American Court: Monitoring Muslim Visitors Was Legal
This article is from the archive of The New York Sun before the launch of its new website in 2022. The Sun has neither altered nor updated such articles but will seek to correct any errors, mis-categorizations or other problems introduced during transfer.
A post September 11, 2001, rule that required visitors from two dozen Arab and Muslim countries and North Korea to register with immigration authorities was constitutional, an appeals court said yesterday. The 2nd U.S. Circuit Court of Appeals said it did not quibble with the fact that the program selected countries that were predominantly Muslim.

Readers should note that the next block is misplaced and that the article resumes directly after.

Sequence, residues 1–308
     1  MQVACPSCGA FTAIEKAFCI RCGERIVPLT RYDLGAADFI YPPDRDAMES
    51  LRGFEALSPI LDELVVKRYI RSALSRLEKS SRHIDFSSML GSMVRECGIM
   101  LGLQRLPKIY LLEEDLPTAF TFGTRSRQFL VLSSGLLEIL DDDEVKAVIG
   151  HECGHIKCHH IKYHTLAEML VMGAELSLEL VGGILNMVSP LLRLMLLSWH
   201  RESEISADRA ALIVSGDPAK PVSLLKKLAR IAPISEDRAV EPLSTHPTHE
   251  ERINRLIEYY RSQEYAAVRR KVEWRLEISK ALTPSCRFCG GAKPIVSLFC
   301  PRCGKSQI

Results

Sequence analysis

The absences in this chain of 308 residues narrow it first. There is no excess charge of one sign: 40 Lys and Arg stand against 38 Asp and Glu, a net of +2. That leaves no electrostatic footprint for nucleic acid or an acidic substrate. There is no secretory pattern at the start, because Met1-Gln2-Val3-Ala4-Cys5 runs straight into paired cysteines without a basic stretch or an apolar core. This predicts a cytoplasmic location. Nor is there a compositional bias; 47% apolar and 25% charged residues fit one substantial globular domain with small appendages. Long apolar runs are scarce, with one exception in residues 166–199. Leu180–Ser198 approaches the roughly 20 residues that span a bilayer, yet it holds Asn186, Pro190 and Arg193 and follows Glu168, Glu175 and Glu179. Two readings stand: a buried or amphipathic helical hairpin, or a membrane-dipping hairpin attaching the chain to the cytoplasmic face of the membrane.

“One major threat of terrorist attacks comes from radical Islamic groups,” the court said. “The September 11 attacks were facilitated by violations of immigration laws by aliens from predominantly Muslim nations. The program was clearly tailored to those facts.”
The program was part of the National Security Entry-Exit Registration System, meant to improve the monitoring of immigrants and the enforcement of immigration laws. Males from 24 Arab and predominantly Muslim countries and North Korea who were not permanent residents had to register.